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While it is always difficult for an outsider to know how negotiations are progressing, it seems particularly unclear whether the UK and EU will reach agreement on a future relationship by the Autumn.

A slow start

Progress in the early rounds of Brexit negotiations was certainly limited.

In May, after the third round of talks, the government published a set of 13 documents setting out the UK’s approach to the future relationship with the EU: a core free trade agreement modelled on the EU’s FTA with Canada and Japan, and separate agreements for certain areas, ie fisheries, air transport, aviation, energy, social security, law enforcement and judicial cooperation, asylum and migration, civil nuclear co-operation. The EU seeks a more comprehensive agreement under which the UK would continue to align itself with EU standards – dubbed ‘dynamic alignment’ – with EU institutions monitoring compliance.

After the 4th round of talks, UK Chief Negotiator David Frost admitted:

‘Progress remains limited but our talks have been positive in tone. Negotiations will continue and we remain committed to a successful outcome. We are now at an important moment for these talks. We are close to reaching the limits of what we can achieve through the format of remote formal Rounds. If we are to make progress, it is clear that we must intensify and accelerate our work.’

EU Chief Negotiator Michel Barnier gave an even more downbeat assessment:

‘We can only take note that there has been no substantial progress since the beginning of these negotiations, and that we cannot continue like this forever. Especially given the United Kingdom’s continued refusal to extend the transition period.’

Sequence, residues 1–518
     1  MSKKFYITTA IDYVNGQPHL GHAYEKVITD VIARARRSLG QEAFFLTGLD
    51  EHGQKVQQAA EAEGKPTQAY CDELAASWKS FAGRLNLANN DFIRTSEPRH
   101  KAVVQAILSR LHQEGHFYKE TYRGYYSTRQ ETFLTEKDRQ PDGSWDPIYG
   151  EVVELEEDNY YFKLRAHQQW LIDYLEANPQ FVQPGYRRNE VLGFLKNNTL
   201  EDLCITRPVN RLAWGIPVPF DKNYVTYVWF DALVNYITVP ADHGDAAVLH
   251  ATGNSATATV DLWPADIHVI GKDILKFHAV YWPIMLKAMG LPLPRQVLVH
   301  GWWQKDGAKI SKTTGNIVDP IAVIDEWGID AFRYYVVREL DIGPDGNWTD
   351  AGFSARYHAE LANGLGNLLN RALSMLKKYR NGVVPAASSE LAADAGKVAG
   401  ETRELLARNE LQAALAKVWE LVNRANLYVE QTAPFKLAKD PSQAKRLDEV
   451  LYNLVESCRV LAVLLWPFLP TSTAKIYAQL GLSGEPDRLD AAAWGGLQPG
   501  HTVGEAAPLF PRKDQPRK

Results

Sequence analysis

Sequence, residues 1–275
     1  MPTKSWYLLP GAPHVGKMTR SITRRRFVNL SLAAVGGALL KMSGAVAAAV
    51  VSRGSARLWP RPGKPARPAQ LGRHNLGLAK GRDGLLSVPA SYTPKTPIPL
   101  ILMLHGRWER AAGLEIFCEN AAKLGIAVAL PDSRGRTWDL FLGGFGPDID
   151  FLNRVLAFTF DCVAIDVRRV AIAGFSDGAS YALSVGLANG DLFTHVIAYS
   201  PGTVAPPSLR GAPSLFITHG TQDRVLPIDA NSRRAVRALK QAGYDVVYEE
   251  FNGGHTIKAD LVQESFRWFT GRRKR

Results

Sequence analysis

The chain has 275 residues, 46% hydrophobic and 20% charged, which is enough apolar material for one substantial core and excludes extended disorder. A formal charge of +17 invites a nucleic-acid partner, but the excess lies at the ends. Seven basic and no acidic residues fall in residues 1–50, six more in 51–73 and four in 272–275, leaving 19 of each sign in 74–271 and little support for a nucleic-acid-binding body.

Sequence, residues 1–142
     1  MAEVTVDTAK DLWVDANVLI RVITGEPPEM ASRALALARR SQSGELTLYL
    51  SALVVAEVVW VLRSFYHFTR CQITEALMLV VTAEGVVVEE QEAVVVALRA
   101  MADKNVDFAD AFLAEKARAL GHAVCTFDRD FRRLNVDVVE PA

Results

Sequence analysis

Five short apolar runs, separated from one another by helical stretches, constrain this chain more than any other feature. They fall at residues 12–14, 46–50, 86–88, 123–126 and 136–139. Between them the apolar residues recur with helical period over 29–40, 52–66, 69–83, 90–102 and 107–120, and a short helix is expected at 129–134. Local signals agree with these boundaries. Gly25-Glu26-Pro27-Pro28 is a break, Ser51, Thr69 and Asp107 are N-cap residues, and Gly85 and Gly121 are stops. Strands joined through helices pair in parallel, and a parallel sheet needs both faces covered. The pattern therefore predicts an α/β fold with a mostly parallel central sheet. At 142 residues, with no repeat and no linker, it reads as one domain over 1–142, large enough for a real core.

But at least the key issues had been identified:

  • competition and the ‘level-playing field’, particularly how closely the UK will stay aligned to European rules on state aid;
  • governance questions, particularly the role the European Court of Justice would have in policing any agreement; and
  • fisheries, notably EU access to UK fishing waters.

After the 5th round (20-24 July), Barnier stated the UK ‘had not shown a ‘willingness to break the deadlock’ over fisheries and post-Brexit rules on competition.’ Frost said that fisheries and the rules on competition and state aid remained the ‘most difficult areas’ – the UK is determined to hold onto the power to invest in UK industry as it sees fit, while the EU continues to seek ‘dynamic alignment’ with EU rules – but added he believed a deal could be reached in September, while cautioning the government must ‘face the possibility’ of no deal. There was, perhaps, an indication of slight progress on governance: Frost acknowledged the EU had shown a ‘pragmatic approach’ to limiting the role of the European Court of Justice.

A further glimmer of hope that progress is being made lies in the fact that, when the UK government set out its mandate for the talks, it said that if the broad outline of a deal was not in place by June:

‘the government will need to decide whether the UK’s attention should move away from negotiations and focus solely on continuing domestic preparations to exit the transition period in an orderly fashion’.

No UK walk out took place, and one doesn’t currently appear to be on the cards. So, for now, the negotiations continue.

Further talks are planned for the weeks of 17 August, 7 September and 28 September, with the aim of reaching agreement by October. Doing so is necessary to allow the deal to be ratified by EU Member States in mid-November, signed in late November, and approved by the European Parliament in December, prior to the end of the transition period.

No extension of transition…

One thing we do know is that there will be no extension of the transition period under the Withdrawal Agreement. It provides that:

‘… the [Withdrawal Agreement] Joint Committee may, before 1 July 2020, adopt a single decision extending the transition period for up to 1 or 2 years.’

The UK government confirmed, at the meeting of the Joint Committee on 12 June, that it would not do so, such that the transition period would end on 31 December 2020. The EU initially said it nevertheless remained open to an extension but after the High Level Meeting between the UK and the EU on 15 June, the leaders released a joint statement which stated: